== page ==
Mar 23 2015 How can public policy support collective impact?
In 2013, the Boston Federal Reserve launched the “Working Cities Challenge” — a competitive grant to support work to improve the lives of low income people in Massachusetts’ smaller cities and to “advance collaborative leadership” in those cities. In designing the program, leaders made a critical choice: Rather than accept multiple applications, the program allowed only one application from each city — a stipulation that encouraged entities that would otherwise have been competing against each other to work together in partnership.
This example, gleaned from the FSG learning brief, “How Public Policy Can Support Collective Impact,” provides insight into the subtle measures government can use to support collective impact and nurture the cross-sector partnerships that often are key to this approach. The Collective Impact Forum released a podcast last week with the learning brief’s authors, Elizabeth Gaines and Erin White, exploring the ways government can support collective impact and illuminating key lessons for practitioners seeking to work with government in their initiatives — a conversation that holds important lessons for practitioners of intersector collaboration, as well.
What were the key takeaways?
- When working with government, practitioners should consider advocating for policies that create an enabling environment for collective impact and cross-sector collaboration generally (rather than focus solely on policies that relate strictly to supporting the outcome of a particular initiative).
- Government leaders are best positioned to implement these policy changes when they view their work through a broad lens of problem solving rather than a narrow lens of program delivery — a challenge in “bureaucratic systems that have operated in the same ways for many, many years.”
- The most ripe opportunities for policy change lie at the local and state level, where government leaders have the potential to deeply understand local context and are positioned to implement policies that can effect real change.
“How important it is to [consider] policy while working through very challenging social change issues?” asked Collective Impact Forum Community and Program Manager Tracy Timmons-Grey, noting that practitioners often say they have difficulty understanding “which policies we should advocate for and why.”
White, Associate Director at FSG, pointed out that practitioners are often quick to identify what she called “soda machine policy” — policy that is clearly related to the outcome of a collaboration (e.g. soda machine policy in an obesity-related collaboration). But a critical, often-overlooked policy area relates to the less obvious processes and mechanisms that support collaborative efforts: “policies relating to partnering differently, collecting data differently, tracking resources differently, and then really planning and implementing differently,” said Gaines.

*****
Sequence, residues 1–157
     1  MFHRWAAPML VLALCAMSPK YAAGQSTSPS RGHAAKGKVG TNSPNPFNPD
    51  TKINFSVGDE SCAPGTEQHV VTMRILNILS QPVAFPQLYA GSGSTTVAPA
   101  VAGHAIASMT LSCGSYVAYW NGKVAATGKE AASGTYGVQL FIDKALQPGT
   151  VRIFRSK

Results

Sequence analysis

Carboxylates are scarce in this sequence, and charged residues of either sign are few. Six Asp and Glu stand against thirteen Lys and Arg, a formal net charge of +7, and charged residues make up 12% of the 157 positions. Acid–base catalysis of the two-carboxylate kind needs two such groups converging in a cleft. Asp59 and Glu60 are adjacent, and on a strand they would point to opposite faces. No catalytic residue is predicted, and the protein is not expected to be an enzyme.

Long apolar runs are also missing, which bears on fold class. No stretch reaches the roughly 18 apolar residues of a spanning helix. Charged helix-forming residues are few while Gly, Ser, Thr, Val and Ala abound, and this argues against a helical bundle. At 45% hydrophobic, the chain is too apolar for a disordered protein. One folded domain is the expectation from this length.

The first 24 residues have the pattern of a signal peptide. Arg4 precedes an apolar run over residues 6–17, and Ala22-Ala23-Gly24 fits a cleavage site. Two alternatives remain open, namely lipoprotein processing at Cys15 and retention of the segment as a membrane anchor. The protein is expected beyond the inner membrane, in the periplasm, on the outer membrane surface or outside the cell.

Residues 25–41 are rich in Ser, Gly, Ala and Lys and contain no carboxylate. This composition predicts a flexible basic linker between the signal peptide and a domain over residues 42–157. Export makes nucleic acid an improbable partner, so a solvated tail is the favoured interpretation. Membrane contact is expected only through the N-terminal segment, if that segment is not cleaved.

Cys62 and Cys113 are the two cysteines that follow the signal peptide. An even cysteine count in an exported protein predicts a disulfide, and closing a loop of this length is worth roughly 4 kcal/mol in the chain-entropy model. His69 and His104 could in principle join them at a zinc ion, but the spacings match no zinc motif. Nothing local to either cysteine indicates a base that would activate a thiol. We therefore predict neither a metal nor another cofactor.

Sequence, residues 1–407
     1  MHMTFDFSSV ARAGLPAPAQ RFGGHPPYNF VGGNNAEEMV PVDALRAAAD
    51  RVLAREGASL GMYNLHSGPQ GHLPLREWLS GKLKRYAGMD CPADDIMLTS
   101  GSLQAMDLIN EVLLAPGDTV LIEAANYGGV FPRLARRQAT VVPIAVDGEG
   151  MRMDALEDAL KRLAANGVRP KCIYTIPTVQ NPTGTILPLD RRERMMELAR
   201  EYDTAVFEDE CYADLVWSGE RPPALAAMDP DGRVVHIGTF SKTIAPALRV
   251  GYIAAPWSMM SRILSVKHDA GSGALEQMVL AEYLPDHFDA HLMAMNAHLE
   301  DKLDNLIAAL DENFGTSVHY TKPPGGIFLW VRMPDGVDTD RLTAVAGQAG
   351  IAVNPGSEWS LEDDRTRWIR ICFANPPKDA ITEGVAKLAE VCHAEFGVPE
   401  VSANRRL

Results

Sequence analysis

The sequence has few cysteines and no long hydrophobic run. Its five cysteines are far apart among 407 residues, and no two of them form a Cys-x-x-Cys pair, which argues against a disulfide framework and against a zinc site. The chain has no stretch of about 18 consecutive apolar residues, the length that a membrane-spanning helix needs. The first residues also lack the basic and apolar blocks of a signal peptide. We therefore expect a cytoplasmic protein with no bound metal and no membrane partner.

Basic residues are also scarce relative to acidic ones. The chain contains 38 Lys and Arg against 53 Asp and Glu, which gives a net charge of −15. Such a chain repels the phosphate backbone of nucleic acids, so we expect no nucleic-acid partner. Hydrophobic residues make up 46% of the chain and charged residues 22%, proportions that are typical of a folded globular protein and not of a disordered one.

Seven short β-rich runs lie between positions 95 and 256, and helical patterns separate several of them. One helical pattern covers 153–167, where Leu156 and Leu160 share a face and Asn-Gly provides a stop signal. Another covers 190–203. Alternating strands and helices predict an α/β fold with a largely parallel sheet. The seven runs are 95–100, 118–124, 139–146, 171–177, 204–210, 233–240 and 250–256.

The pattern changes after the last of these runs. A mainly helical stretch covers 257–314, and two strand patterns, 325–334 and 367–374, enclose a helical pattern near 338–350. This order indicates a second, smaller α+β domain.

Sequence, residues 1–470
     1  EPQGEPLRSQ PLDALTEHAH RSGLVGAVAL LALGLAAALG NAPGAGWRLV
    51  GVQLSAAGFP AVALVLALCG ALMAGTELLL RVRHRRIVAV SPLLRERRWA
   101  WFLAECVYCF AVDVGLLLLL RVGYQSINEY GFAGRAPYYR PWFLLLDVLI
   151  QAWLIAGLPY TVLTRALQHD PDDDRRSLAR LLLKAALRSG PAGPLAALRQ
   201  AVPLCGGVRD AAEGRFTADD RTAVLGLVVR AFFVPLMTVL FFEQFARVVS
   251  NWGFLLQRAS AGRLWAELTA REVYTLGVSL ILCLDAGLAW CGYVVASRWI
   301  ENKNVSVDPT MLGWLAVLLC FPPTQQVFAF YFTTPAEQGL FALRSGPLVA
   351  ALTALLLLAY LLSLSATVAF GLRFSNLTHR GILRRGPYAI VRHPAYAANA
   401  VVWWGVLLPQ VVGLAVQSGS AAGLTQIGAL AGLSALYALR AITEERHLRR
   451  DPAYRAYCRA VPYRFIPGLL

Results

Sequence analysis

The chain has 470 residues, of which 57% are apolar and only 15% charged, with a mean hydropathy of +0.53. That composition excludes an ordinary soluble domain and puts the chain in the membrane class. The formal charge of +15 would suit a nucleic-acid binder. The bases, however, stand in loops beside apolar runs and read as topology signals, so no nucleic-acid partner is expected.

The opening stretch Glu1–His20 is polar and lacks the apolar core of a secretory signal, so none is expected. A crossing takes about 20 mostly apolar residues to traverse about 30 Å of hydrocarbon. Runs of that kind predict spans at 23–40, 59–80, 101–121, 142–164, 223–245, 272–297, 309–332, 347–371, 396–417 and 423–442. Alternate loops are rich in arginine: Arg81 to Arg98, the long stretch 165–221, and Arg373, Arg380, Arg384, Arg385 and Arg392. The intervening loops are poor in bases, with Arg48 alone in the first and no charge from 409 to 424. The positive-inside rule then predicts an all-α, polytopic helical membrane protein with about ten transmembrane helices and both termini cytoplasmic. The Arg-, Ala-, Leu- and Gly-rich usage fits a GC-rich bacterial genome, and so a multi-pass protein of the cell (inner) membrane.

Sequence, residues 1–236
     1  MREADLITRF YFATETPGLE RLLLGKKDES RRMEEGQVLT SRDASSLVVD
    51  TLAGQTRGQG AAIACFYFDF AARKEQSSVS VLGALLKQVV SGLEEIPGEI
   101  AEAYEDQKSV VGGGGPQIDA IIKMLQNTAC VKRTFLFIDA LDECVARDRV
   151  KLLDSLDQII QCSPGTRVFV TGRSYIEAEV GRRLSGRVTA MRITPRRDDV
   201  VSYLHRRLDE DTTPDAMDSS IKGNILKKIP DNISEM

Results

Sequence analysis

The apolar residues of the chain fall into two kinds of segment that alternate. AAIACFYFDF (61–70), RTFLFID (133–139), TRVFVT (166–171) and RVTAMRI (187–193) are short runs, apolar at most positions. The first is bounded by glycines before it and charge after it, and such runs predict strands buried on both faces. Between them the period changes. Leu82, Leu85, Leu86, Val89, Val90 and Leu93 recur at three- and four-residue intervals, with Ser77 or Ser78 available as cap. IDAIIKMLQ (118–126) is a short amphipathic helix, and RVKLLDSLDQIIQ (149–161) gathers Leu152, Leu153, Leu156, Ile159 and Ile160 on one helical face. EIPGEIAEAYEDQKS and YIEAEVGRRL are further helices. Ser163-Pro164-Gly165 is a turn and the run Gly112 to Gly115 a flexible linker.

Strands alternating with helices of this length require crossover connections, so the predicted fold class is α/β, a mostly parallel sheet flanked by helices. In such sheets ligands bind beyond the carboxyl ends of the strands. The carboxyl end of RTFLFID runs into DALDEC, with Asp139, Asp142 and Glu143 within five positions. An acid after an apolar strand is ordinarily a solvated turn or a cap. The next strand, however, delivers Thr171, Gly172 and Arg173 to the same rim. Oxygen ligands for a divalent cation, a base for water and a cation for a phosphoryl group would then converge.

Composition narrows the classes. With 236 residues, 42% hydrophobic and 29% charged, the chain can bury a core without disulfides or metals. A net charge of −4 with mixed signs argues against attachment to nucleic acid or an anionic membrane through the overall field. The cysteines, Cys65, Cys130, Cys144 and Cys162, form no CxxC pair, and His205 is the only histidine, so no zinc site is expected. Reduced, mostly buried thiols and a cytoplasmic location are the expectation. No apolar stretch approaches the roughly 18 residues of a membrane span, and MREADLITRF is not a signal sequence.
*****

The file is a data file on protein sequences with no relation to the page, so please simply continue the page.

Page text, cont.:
It is in this second policy area that practitioners often have “a gap in understanding of the types of policies needed to really drive…long term systems change” that is the hallmark of collective impact, intersector collaboration, and similar collaborative frameworks, White said.
Grant policy that allows for changes “in previously submitted plans as long as they maintain focus on the overall goal,” for example, allow collaborations to shift as partners work together to Share a Vision of Success, Build a Common Fact Base, Agree on Measures of Success, and adapt to changing circumstances. Grant policy that requires partners to “meet and otherwise community regularly” nurtures cross-sector understanding and holds the potential to support collaborations in Communicating the Interdependency of Each Sector, Establishing Transparency of Viewpoints, and Managing Expectations of Process and Results. (For additional examples of policies that support collective impact and collaboration, see page 9 of the learning brief.)
The Importance of Mindset
When asked about the greatest obstacles to implementing policy change, both White and Gaines, who is Vice President for Policy Solutions at The Forum for Youth Investment, focused on the importance of policymakers.
Government “has a structure in place that’s designed to do and act a certain way, and turning around that big machine is very challenging,” White said. “I think one of the biggest challenges to overcome is…for those policy makers who maybe don’t totally understand the power of coordination and alignment and driving to common goals…to adopt a different mindset, to go from thinking about program delivery to thinking about problem solving, and then to organize themselves to solve a problem.”
“So rather than thinking about delivering one program and one agency, how can we partner across programs and across agencies to solve a problem.”
Gaines, who regularly works with policymakers commented that government leaders often have a “real thirst for better coordination and alignment. They have a real desire to focus on outcomes rather than outputs. But the problem is that they have real challenges in turning around bureaucratic systems that have operated in the same ways for many, many years.”
Movement at the Local Level
Both White and Gaines pointed to promising gains in mindset shifts and policy changes at the state and local level. “I’m really convinced that more progress is going to happen closer to the source,” Gaines said, adding that “ultimately how policies are designed and how they are implemented is determined at the state and local level.”
She added: “I’m really heartened by the decade that I’ve spent working with state and local policymakers that, in fact, I’ve watched many of them step up to the plate to play a more direct role in collective impact.”How can public policy support collective impact? Boston Federal Reserve has one answer. Click To Tweet